Welcome to ScubaBoard, an online scuba diving forum community where you can join over 205,000 divers diving from around the world. If the topic is related to scuba diving, this is the place to find divers talking about it. To gain full access to ScubaBoard (and make this large box go away) you must register for a free account. As a registered member you will be able to:
Participate in over 500 dive topic forums and browse from over 5,500,000 posts.
Communicate privately with other divers from around the world.
Post your own photos or view from well over 100,000 user submitted images.
Gain access to our free classifieds marketplace to buy, sell and trade gear, travel and services.
Use the calendar to organize your events and enroll in other members' events.
Find a dive buddy or communicate directly with scuba equipment manufacturers.
All this and much more is available to you absolutely free when you register for an account, so sign up today!
If you have any problems with the registration process or your account login, please contact the ScubaBoard Support Team.
IL/IA (about as far from salt water as you can get on this planet)
Originally Posted by Lawman
I finally passed ALLLLLLLL of the written exams. None of them were easy. Not rocket science, but not easy.
The Wheel would be easier to teach than the tables for new divers. What I didn't like about it is as accurate as the person reading it...I used a magnifying glass and that helped.
After completing the last test my instructor told me to be at the pool in 3 hours for the first pool instruction. Two hours after that we did the equiptment exchange! Passed and didn't drown. Now comes the 1200 meter cement block, rescue breathing buddy tow.
Congrats! I'm going to try to finish up the exams this weekend. Watermanship skills are done. Just have the gear exchange and class assisting. There aren't a lot of classes around here, so that might take a while. I agree with you on the wheel. I've never used one before, but I like it.
Where from In MI? Im Metro Detroit. I attempted to take the DM cource in January, through my local dive shop, but realized I was not ready. Mainly it was the Physics that scared me so bad. :11: I tried a few of the sample problems and found I was totaly cluless. I have relativly weak math skills, can you provide any insite :06: , what was this book you mentioned?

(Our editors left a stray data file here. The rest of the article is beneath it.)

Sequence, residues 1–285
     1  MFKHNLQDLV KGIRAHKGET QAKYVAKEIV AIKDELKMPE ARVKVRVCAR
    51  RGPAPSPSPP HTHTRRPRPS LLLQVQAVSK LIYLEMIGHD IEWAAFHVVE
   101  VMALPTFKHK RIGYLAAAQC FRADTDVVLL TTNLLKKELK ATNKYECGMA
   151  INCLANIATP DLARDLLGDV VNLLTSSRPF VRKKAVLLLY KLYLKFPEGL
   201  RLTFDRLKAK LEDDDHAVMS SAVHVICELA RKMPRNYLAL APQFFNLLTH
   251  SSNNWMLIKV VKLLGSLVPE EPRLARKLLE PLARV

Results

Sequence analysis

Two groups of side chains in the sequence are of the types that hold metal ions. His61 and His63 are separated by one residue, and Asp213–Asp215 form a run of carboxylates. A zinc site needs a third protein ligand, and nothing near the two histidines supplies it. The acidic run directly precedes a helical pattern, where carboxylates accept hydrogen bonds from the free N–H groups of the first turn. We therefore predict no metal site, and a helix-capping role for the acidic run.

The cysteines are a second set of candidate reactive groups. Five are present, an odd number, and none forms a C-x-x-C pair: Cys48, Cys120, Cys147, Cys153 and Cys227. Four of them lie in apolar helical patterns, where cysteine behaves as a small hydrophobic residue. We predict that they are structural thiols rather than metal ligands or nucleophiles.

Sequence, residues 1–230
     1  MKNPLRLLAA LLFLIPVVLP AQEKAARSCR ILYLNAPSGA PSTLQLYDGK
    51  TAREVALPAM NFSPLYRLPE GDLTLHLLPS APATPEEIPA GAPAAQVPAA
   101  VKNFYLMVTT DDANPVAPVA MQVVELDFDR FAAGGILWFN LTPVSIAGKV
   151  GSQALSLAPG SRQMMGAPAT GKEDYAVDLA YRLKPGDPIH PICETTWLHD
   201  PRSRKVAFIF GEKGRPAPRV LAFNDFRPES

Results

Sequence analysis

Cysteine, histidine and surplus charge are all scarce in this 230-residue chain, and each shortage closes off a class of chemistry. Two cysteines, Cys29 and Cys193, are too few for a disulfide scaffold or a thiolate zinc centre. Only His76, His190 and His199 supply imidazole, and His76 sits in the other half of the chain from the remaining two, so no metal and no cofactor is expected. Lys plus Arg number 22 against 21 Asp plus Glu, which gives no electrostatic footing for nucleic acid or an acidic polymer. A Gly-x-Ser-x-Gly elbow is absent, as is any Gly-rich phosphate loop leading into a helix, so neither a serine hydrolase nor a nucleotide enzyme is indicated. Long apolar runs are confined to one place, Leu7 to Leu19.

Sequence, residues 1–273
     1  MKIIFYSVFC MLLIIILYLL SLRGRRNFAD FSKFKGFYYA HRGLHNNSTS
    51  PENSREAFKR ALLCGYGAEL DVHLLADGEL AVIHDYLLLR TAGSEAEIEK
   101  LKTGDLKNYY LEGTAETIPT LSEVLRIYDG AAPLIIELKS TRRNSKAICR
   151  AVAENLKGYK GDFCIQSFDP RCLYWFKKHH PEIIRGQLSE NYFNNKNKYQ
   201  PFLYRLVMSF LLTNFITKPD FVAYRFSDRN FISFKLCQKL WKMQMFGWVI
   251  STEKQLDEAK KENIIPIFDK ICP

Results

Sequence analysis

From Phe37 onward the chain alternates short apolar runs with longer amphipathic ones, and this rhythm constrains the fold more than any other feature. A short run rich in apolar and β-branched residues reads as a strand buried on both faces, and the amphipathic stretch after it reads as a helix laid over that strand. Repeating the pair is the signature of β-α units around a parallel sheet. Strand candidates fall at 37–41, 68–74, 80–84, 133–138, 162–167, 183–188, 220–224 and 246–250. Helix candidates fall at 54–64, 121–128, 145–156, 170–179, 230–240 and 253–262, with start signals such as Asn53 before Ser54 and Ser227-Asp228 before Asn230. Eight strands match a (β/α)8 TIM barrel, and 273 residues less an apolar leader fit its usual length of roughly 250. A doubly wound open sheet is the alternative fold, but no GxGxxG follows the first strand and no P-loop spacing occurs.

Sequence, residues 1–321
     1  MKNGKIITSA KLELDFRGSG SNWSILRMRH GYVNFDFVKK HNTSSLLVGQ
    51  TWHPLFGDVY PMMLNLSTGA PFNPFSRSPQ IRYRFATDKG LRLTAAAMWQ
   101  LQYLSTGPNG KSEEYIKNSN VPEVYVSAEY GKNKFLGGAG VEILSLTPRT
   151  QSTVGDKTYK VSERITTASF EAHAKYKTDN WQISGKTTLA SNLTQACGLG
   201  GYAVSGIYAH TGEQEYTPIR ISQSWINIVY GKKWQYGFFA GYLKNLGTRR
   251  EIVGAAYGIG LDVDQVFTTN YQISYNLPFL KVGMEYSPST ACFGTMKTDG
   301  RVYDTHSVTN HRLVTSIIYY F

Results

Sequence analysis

[QUOTE=Lawman I never took physics and it really had me worried. The book did a great job of explaining the principles and made it enjoyable.
It's the PADI course, by the way.[/QUOTE]
Best Fishes, Alison
¸.·´¯`·.¸¸><((((º>¸.·´¯`·.¸¸><((((º>¸.·´¯`·.¸¸><(( ((º> firstname.lastname@example.org
"You never enjoy the world aright, till the sea itself floweth in your veins..." --Traherne
When I took the DM test late last year, I also found the Encyclopedia of Recreational Diving very useful, and not only for the physics portion. The actual DM manual didn't come anywhere near as close to being helpful as the Encyclopedia (personally). I thought that I would do poorly on the Physics test, but I aced it. What I had to re-test on was the Dive Planner section. We get so used to computers that it is easy to get out of practice with the tables/wheel. The companion workbook that goes along with the Encyclopedia will also be an invaluable tool in studying for the DM test, and a good reference in the future. Also, your OW, AOW, and Rescue books are sources to bone up on for different parts of the test. Good luck!!
Good Luck in Your Quest for DM..Most of the Training is a culmination of all the things that began Your Diving Experience up thru Rescue. Physics, Planning, and Tables are clearly forgot by Divers due to Computers. After You get Your rating..continue to use the things You learn..or they will be forgotten. When You start to help instructors in the water..ask to teach these topics in class and it will keep You current in Your abilities.
gj62 is correct on the basics and he is also right about what you're going to need to know for the exams, however it is good to understand a little more about the physics involved in the sport that you are doing every day. I found the NOAA encylopedia of diving really useful in helping me understand physics as well as all other aspects of diving and the aquatic world.
That's a good one. Also, you might try the Encyclopedia of Recreational Diving, along with the Workbook, which pretty much follows the sections you'll need to know for the DM test. The actual DM book was about the most useless in terms of preparing for the test. It's great for the course, but little else. Re-read the main points in the OW, AOW and Rescue Diver manuals, too. These together should give you all you need to know for the course and test. Good luck. I thought the Physics would be the most intimidating, but I aced that. I had to retest on the Wheel and RDP section. I've since entered RDP rehab and have made a full recovery. Ciao...
As a newbie DM, I'll chime in on the Encyclopedia/Workbook's being a great resource for the DM exams. Be sure to read through the explanations of right and wrong answers as you're going through the workbook. It'll help you anticipate pitfalls.
Since we’ve resurrected this post, I also want to comment on the dive wheel issue.
The DM instructor should not have to teach a DM candidate how to use a wheel. If he/she doesn’t already know, wheels are cheap, readily available and come with full instructions. And I agree that the accuracy with reading a wheel is a weak point.